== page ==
|Title||Within-person variability in calculated risk factors: comparing the aetiological association of adiposity ratios with risk of coronary heart disease.|
|Publication Type||Journal Article|
|Year of Publication||2013|
|Authors||Wormser D, White IR, Thompson SG|
|Secondary Authors||Wood AM|
|Journal||Int J Epidemiol|
|Date Published||2013 Jun|
|Keywords||Adiposity, Bias, Body Mass Index, Coronary Disease, Epidemiologic Studies, Female, Humans, Male, Middle Aged, Obesity, Risk Factors, Waist Circumference|
BACKGROUND: Within-person variability in measured values of a risk factor can bias its association with disease. We investigated the extent of regression dilution bias in calculated variables and its implications for comparing the aetiological associations of risk factors.
METHODS: Using a numerical illustration and repeats from 42,300 individuals (12 cohorts), we estimated regression dilution ratios (RDRs) in calculated risk factors [body-mass index (BMI), waist-to-hip ratio (WHR), and waist-to-height ratio (WHtR)] and in their components (height, weight, waist circumference, and hip circumference), assuming the long-term average exposure to be of interest. Error-corrected hazard ratios (HRs) for risk of coronary heart disease (CHD) were compared across adiposity measures per standard-deviation (SD) change in: (i) baseline and (ii) error-corrected levels.
RESULTS: RDRs in calculated risk factors depend strongly on the RDRs, correlation, and comparative distributions of the components of these risk factors. For measures of adiposity, the RDR was lower for WHR [RDR: 0.72 (95% confidence interval 0.65-0.80)] than for either of its components [waist circumference: 0.87 (0.85-0.90); hip circumference: 0.90 (0.86-0.93) or for BMI: 0.96 (0.93-0.98) and WHtR: 0.87 (0.85-0.90)], predominantly because of the stronger correlation and more similar distributions observed between waist circumference and hip circumference than between height and weight or between waist circumference and height. Error-corrected HRs for BMI, waist circumference, WHR, and WHtR, were respectively 1.24, 1.30, 1.44, and 1.32 per SD change in baseline levels of these variables, and 1.24, 1.27, 1.35, and 1.30 per SD change in error-corrected levels.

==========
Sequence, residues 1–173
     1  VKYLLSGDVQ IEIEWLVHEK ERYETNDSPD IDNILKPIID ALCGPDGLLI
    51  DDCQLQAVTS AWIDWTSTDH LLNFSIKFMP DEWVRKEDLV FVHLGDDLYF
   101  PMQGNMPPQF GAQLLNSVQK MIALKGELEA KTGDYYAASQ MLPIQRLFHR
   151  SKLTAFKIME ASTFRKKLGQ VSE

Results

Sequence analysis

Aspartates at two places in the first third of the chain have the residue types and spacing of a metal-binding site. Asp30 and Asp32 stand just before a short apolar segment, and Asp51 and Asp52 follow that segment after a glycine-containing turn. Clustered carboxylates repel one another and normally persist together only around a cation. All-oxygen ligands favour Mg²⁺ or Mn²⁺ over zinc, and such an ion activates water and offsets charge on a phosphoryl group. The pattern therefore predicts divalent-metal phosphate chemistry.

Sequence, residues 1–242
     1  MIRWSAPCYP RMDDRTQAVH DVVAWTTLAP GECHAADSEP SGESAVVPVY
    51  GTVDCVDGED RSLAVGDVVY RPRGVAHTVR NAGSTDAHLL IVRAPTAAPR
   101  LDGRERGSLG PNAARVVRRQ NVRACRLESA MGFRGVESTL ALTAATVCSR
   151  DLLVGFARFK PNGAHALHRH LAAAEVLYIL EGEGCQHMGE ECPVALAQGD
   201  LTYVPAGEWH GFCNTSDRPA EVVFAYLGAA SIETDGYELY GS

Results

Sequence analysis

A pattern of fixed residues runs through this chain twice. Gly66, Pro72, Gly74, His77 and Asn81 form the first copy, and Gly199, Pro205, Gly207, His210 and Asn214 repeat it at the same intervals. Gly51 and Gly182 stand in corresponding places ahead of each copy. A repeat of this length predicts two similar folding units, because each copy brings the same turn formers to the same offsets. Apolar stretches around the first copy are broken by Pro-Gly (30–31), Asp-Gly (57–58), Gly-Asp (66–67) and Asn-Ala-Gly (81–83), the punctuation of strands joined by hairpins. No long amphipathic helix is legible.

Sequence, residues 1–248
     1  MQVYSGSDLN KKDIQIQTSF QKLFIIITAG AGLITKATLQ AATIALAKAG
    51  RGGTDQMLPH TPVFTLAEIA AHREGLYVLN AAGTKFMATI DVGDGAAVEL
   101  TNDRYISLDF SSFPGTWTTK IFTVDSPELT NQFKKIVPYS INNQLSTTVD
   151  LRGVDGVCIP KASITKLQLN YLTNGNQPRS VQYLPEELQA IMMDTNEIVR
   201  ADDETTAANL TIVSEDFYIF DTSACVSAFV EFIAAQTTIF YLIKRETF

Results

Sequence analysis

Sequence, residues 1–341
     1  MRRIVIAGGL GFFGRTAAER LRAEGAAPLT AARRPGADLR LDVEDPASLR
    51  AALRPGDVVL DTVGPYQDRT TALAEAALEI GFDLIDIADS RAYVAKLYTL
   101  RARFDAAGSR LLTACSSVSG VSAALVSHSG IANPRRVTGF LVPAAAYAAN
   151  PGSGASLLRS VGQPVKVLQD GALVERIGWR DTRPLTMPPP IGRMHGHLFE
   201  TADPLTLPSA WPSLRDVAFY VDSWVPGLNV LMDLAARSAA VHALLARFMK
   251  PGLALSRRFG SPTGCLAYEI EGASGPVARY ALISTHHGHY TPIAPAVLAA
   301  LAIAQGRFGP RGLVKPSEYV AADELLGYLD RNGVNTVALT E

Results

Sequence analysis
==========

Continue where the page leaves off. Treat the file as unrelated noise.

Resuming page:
CONCLUSIONS: The extent of within-person variability relative to between-person variability in calculated risk factors can be considerably larger (or smaller) than in its components. Aetiological associations of risk factors should be compared through the use of error-corrected HRs per SD change in error-corrected levels of these risk factors.
|Alternate Journal||Int J Epidemiol|
|PubMed Central ID||PMC3733701|
|Grant List||RG/08/014/24067 / / British Heart Foundation / United Kingdom |
MR/L003120/1 / / Medical Research Council / United Kingdom
RG/08/014 / / British Heart Foundation / United Kingdom
G0700463 / / Medical Research Council / United Kingdom
MC_U105260558 / / Medical Research Council / United Kingdom